By Mass L. Usuf –
The stability of a nation is assured when there is a stable government in force. We have a functioning parliament consisting of 225 members. A few are nominated and the majority elected by the people. Our Constitution also provides for an Executive President. In a representative democracy the Prime Minister and the Cabinet of Ministers constitute the government.
In constitutionalism, a government’s authority is determined by a body of laws called, the Constitution. The Constitution is regarded as a form of checks and balances, guidance and rules for limited government. It seeks to prevent the dangers of arbitrary government, abuse or corruption in the use of power or authority and, as a check on rulers who govern willfully to serve their own interests ignoring the general masses. We are, today, right in the middle of what constitutionalism desires to avert.
Sovereignty of People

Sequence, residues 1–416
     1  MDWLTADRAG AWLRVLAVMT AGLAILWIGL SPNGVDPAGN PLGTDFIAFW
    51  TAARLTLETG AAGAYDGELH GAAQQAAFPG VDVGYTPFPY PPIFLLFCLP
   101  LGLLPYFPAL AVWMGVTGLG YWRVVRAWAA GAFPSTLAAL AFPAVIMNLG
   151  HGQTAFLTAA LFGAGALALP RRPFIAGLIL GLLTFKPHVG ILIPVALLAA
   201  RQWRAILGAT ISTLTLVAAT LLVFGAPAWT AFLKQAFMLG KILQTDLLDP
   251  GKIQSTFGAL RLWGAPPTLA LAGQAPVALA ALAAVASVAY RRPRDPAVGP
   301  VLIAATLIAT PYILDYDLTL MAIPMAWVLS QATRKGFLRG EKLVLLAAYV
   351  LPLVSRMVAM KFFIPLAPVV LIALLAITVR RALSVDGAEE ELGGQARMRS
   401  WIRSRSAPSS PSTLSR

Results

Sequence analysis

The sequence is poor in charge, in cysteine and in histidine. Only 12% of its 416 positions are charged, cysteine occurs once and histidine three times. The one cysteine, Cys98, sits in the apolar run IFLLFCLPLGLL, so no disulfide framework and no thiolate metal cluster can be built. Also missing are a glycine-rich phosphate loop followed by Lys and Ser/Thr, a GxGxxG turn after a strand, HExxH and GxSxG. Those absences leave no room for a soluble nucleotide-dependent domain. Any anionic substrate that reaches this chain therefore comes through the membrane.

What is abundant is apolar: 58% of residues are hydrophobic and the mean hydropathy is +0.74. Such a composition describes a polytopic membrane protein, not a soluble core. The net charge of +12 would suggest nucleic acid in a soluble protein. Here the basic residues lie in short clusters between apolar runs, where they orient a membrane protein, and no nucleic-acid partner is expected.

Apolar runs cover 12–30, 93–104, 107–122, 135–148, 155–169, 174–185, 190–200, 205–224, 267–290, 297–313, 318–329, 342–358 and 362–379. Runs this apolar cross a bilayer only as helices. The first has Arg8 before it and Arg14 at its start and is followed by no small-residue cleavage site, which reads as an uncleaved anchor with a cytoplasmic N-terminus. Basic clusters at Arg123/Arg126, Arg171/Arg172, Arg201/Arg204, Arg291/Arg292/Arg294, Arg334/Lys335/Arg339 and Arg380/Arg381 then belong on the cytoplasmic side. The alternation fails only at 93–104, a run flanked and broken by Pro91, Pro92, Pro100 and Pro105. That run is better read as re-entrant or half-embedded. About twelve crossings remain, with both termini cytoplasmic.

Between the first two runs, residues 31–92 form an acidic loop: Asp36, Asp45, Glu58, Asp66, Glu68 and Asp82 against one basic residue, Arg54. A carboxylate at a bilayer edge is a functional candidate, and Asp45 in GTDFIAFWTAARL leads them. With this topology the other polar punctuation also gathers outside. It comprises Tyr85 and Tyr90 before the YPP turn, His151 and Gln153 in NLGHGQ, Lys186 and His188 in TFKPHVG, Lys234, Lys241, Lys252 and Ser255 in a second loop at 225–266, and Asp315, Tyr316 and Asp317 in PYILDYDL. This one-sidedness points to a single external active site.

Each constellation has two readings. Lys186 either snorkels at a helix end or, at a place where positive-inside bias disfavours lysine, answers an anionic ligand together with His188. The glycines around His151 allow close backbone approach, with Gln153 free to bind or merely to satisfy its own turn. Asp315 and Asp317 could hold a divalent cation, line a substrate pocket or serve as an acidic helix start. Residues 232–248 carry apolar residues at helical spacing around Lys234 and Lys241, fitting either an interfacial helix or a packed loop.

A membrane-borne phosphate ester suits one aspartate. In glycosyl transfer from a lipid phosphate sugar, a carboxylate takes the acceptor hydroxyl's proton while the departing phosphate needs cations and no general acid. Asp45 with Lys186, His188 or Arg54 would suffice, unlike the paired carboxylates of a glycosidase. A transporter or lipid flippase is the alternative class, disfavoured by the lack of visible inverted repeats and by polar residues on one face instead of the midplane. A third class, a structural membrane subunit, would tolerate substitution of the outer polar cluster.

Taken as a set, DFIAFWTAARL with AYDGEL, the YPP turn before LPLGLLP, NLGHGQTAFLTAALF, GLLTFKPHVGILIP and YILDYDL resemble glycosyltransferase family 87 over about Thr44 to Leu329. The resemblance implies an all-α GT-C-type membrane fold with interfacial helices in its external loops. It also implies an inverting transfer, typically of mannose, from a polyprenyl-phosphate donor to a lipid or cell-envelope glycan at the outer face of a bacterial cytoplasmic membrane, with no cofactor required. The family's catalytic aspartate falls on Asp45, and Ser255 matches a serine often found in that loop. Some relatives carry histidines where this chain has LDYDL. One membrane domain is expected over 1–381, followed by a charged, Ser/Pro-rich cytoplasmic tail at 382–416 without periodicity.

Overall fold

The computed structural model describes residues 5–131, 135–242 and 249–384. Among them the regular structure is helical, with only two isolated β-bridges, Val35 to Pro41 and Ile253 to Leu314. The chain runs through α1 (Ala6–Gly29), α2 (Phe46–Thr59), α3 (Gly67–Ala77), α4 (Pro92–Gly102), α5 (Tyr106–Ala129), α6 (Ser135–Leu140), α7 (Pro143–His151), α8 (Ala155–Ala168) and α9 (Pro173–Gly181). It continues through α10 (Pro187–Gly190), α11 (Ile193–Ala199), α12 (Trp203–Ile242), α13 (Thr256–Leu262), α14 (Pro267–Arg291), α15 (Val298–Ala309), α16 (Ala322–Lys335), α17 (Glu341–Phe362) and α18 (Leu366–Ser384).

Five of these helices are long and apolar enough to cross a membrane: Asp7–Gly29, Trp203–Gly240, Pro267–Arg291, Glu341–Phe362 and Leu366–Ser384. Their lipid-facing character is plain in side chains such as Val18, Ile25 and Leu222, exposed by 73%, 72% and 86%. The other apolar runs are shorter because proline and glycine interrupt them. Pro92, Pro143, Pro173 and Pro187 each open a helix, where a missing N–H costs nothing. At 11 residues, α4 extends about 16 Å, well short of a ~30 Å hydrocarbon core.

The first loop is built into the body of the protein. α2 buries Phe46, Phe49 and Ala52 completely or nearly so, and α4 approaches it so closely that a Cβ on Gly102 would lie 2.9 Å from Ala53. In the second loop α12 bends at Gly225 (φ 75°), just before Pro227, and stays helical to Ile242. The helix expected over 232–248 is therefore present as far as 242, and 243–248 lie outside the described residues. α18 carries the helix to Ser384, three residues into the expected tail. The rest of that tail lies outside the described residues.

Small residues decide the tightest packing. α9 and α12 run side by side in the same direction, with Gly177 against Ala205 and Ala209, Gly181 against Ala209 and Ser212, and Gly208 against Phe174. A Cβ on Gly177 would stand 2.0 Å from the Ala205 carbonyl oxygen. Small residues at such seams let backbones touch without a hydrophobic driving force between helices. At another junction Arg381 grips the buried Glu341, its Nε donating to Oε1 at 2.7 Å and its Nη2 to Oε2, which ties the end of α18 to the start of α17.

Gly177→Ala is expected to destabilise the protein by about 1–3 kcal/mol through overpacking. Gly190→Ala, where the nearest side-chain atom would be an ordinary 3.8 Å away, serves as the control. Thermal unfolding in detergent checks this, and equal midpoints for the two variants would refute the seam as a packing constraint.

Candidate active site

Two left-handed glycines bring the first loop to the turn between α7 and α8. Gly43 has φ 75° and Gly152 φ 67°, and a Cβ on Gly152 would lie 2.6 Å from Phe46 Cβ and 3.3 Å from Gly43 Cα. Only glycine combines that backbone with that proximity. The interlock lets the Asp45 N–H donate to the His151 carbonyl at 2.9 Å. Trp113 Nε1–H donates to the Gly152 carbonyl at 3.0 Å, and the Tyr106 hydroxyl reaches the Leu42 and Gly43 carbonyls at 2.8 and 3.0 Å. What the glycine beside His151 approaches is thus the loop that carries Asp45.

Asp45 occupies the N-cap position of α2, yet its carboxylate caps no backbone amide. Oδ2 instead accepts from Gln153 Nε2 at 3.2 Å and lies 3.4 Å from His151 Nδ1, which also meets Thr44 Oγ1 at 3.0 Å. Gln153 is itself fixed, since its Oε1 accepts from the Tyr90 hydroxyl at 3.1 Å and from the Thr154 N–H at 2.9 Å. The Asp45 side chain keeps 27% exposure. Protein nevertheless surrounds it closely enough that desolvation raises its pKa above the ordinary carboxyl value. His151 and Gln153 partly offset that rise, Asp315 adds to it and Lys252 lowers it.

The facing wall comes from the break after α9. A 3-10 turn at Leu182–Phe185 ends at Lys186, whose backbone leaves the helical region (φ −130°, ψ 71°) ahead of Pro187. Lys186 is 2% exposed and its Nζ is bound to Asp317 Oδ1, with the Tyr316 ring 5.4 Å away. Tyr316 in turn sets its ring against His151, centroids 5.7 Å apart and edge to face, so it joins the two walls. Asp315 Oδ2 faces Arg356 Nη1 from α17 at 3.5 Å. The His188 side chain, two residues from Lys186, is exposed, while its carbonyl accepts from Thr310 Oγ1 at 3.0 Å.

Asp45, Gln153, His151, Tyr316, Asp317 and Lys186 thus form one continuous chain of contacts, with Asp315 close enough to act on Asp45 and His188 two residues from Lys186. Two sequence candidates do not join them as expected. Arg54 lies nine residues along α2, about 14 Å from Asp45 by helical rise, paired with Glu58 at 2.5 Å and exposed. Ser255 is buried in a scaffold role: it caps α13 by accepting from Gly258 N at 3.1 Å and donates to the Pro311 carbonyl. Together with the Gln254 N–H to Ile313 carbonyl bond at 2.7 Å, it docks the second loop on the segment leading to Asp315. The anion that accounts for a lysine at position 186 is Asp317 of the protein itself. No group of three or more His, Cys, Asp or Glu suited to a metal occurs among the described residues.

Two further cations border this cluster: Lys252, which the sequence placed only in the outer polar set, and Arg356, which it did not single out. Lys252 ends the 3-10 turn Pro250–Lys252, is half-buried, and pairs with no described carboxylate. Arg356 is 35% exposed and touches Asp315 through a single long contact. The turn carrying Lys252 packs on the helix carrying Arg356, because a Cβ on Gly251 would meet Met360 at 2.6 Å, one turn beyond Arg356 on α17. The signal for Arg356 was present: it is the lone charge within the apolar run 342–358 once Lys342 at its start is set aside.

According to Article 28 of our Constitution, it is a fundamental duty of every person to uphold and defend the Constitution in furthering national interest. The people who are the sovereign in this country (Article 3) should not permit the use of the law to serve as a tool for the benefit or advantage of a particular person, entity or position. The Members of Parliament must recognize that he/she draws authority, directly or indirectly, from the political sovereign – the Electorate, the people who voted him/her to power. The same principle applies to the President.
The High Court of Australia clarified sovereignty as follows:
“The sovereign power which resides in the people is exercised on their behalf by their representatives. The point is that the representatives who are members of Parliament and Ministers of State are not only chosen by the people but exercise their legislative and executive powers as representatives of the people. And in the exercise of those powers the representatives of necessity are accountable to the people for what they do and have a responsibility to take account of the views of the people on whose behalf they act.” (State of New South Wales vs. Commonwealth of Australia and another, 108 A.L.R. 577)